I think that’s what’s hard for angels to do, because most angels are successful entrepreneurs who still have some kind of day job right, so it’s hard for them to devote the time to kind of put all that together. What’s a lot easier for them is that once everything’s structured to say “Hey, I’m alongside for $20,000, $25,000, $50,000, $100,000.”
I think that’s something entrepreneurs maybe worried about everywhere, not just here. We’re trying to do our part by being proactive leading out and giving opportunities for angels to invest alongside. I think there’s definitely opportunity for other folks to try to lead out as well.
Silicon Slopes: What are your typical terms on investment. What are you looking for? Are you the lead investor on it?
Gavin Christensen: Yeah.
Silicon Slopes: And what kind of percentage stake do you typically take?
Gavin Christensen: Ah, it varies by deal. In our classic type deals, which is what I make sense to talk about, our ownership stakes are typically at least 10 percent and closer between 10 percent and 20 percent.
Silicon Slopes: And what is your timeline horizon? You’ve raised this $26. How long are you going to take to spend that?
Gavin Christensen: Typical deployment for a firm like ours is three or four years, and so I think we’ll be in that.
Silicon Slopes: And then what is your typical lifespan of the companies that you’re investing in. Are you traditional a seven-year type thing?
Gavin Christensen: Yeah you look at the averages, it’s seven to nine plus years. And we’re investing earlier than many of those funds that report those numbers. So you could see seed funds having deals for 10-plus years. We definitely will have companies that push that. On the flip side with Kickstart 1 — we’ve seen the average holding period on a Kickstart 1 deal is now about three years. And we’ve seen exits already on that portfolio.
So I think we’re trying to have a nice mix for our investors of companies that get traction quickly and have the opportunity to sell, certainly sooner than nine to 10 years. And then some that really ramp up and get big. So, I would guess that on average we would be holding them slightly less than that, kind of nine years, but I could see it being fairly long.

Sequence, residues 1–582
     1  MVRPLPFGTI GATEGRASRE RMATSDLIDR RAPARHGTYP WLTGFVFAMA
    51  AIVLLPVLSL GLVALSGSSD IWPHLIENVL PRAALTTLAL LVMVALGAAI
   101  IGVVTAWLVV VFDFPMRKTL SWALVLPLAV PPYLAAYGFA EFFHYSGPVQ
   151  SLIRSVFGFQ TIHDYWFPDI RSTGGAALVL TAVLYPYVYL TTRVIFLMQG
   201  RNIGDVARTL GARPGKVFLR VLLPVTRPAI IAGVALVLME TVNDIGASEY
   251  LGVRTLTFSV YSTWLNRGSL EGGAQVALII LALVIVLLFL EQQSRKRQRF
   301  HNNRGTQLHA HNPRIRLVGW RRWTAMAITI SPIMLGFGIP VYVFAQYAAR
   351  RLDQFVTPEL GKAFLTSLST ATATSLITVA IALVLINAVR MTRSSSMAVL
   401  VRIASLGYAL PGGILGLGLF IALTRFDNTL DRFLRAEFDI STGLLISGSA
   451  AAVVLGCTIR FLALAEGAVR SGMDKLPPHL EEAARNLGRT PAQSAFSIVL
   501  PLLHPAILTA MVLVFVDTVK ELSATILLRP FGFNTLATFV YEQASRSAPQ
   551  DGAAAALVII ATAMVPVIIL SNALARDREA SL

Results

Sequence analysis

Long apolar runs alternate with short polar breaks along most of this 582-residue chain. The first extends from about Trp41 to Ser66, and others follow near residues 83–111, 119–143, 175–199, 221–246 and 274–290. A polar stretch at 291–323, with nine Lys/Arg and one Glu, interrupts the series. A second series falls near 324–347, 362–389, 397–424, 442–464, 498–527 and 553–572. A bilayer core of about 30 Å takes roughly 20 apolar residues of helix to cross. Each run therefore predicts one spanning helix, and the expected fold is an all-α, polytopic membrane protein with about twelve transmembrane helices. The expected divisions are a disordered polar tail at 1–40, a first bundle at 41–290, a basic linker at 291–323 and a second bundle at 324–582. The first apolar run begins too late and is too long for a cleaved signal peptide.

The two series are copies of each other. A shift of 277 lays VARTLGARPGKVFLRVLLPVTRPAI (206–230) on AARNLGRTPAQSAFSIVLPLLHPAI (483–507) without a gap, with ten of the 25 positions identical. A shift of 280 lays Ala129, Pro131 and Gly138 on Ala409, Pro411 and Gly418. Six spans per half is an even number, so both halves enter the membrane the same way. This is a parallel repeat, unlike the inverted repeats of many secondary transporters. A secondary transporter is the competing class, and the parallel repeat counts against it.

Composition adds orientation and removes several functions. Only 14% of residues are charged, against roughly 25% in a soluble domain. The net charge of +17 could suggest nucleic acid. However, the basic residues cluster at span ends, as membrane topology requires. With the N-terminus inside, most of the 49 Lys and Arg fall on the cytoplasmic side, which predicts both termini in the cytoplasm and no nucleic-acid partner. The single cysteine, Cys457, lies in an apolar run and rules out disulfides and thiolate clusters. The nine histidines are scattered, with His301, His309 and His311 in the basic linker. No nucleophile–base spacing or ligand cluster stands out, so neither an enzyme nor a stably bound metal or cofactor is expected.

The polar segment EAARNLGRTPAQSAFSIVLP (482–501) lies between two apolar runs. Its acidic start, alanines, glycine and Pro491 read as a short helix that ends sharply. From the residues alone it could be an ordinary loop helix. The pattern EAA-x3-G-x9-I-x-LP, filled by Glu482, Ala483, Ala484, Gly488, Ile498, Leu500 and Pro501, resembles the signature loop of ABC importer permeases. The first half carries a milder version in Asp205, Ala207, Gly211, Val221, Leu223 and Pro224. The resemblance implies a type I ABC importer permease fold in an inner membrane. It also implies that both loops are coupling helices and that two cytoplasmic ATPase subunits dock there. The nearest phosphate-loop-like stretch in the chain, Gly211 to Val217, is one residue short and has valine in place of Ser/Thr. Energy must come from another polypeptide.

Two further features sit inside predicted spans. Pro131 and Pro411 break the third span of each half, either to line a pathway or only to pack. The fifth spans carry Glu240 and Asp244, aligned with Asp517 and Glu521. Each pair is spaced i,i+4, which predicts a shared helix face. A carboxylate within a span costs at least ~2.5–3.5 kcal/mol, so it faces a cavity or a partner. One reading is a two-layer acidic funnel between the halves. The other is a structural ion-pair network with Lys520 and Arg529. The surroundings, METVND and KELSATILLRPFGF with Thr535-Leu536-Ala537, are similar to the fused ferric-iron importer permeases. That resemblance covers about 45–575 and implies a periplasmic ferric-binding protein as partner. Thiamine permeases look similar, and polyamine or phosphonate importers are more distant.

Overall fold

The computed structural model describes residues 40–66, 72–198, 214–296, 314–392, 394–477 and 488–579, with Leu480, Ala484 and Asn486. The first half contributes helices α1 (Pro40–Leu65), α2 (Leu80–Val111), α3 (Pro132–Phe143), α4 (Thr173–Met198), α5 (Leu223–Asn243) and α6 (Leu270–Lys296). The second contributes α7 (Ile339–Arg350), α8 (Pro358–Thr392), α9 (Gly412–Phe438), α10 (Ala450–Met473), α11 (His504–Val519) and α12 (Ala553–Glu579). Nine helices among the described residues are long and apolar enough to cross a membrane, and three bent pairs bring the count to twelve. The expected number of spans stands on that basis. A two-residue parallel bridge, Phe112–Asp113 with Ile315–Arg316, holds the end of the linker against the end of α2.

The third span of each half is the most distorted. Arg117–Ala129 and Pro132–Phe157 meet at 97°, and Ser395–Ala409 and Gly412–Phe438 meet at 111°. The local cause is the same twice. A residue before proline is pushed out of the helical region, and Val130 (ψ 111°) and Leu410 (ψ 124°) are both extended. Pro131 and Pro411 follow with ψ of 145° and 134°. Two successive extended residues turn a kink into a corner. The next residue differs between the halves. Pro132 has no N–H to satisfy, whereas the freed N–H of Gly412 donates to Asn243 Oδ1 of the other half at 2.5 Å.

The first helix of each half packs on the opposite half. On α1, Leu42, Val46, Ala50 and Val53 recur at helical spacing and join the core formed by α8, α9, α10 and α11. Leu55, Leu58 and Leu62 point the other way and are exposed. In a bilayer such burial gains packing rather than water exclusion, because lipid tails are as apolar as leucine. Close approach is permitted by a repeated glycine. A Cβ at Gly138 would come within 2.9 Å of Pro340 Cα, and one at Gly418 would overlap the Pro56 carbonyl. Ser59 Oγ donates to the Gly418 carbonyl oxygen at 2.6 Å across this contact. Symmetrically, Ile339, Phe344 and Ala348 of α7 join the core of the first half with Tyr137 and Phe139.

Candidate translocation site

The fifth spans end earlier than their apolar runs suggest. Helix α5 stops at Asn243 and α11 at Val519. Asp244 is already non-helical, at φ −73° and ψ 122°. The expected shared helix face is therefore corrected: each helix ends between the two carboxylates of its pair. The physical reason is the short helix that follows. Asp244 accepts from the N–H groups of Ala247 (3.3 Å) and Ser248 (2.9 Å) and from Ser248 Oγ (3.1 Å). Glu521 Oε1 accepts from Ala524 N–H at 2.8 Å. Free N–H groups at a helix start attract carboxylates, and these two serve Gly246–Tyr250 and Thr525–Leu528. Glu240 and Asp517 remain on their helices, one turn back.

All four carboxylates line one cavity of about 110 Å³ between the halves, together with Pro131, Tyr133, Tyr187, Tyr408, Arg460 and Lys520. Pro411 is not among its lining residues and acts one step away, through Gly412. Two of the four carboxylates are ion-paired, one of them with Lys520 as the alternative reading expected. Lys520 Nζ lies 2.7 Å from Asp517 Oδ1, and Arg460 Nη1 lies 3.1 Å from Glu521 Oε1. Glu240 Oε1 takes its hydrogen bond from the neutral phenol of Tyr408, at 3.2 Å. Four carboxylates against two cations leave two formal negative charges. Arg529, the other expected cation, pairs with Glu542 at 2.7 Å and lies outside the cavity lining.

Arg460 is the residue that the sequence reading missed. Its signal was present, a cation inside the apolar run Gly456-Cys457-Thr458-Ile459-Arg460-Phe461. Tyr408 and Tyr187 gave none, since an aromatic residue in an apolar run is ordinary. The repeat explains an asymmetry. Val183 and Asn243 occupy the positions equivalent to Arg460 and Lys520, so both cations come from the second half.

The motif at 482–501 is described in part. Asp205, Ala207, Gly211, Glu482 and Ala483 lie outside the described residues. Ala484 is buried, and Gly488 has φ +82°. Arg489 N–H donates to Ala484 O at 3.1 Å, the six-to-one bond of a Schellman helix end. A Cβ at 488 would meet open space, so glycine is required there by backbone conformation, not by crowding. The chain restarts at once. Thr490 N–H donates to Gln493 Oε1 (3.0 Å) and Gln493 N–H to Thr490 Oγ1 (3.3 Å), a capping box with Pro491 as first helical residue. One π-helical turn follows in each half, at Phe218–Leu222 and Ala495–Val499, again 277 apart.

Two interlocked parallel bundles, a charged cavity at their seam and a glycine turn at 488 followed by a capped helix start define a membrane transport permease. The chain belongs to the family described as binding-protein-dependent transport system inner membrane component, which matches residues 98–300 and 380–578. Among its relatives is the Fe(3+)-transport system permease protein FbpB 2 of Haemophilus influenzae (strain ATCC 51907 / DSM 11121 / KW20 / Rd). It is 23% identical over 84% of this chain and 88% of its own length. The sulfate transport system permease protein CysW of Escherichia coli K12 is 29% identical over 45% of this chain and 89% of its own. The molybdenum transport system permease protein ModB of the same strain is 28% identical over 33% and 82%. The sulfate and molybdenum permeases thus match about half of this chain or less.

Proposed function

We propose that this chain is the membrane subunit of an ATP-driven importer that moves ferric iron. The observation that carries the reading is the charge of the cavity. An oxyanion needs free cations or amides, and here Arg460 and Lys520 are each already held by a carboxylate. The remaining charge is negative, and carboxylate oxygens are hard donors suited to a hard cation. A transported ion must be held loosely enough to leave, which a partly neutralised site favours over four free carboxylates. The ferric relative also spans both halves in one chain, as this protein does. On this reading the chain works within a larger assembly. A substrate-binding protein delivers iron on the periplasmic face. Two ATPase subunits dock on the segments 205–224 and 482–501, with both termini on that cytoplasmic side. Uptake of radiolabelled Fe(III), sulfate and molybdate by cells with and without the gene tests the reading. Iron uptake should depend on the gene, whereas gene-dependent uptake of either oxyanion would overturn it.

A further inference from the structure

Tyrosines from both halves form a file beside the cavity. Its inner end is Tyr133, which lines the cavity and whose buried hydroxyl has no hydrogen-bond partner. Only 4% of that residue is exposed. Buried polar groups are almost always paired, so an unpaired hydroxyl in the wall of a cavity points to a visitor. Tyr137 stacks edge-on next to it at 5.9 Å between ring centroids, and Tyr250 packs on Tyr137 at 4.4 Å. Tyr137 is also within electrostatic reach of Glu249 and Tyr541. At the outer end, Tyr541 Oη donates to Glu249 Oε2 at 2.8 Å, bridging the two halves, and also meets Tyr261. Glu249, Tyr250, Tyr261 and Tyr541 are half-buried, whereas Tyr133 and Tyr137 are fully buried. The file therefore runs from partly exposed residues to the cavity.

Silicon Slopes: Are you willing to go in on a follow Series A round? Or are you saying ‘We’re only doing the seed and we’re stopping there and either we cash out when the VC comes in or we just stay in there until there’s a further exit down the road?’
Gavin Christensen: So, it’s an interesting question — I think right now there isn’t a ton of local Series A in Utah.
Silicon Slopes: There aren’t enough people doing it or enough money available to do it?
Gavin Christensen: I would say it’s both. I think there’s just not a local Series A money, and so sometimes we’re having to seed fund a deal and then try to put together enough capital behind that company to get through the Series A kind of milestones. There’s also a dynamic that’s happening, nationally where the definition of what a Series A is just shifted to the right.
Silicon Slopes: A Series A crunch?
Gavin Christensen: Yes, I think that’s right. The expectation of what a Series A company has accomplished is quite a bit more than it was certainly like five years ago, even a couple years ago. So it used to be like — Hey product finished, early revenue. Now it’s definitely significant revenue.
I would say we definitely are doing seed deals, but often we end up funding through a Series A type what used to be Series A milestones. Honestly we took it on a software as a service company. For us to kind of go out to the Coasts to raise that big Series A we wanted to have significant revenue. $1 million plus. That’s a different profile than it was a few years ago.
Silicon Slopes: So you want the companies you’re investing in to get to that million revenue before Series A?
Gavin Christensen: Yes, I think it’s expectation. So, I think just to answer your question more directly I think the definition has shifted out. So I think, you know, we’re definitely a seed investor, but we’re also recognizing hey we have to get our companies further along. And, and on the flip side, many companies that are reasonably far along are still raising seed money from folks like us because the definition of A has shifted out.
Silicon Slopes: You just expanded your team. Why did you do that?
Gavin Christensen: Just pure bandwidth. Kickstart 1 has 19 companies and it was just kind of me for the last several years. It was pretty crazy. I’m grateful to have a talented team on board with Clarke and Alex. For us the constraints are board seats and having senior guys who can sit on boards
Silicon Slopes: Are you on every board of every company?
Gavin Christensen: Not every company but at least 60 to 70 percent of the companies have board seats. Certainly the core deals and the lab deals we described have the board seats on. That’s the big reason — It’s the capacity to do diligence, capacity to fill board seats, capacity to administer the funds. We are good on bandwidth now, which is great.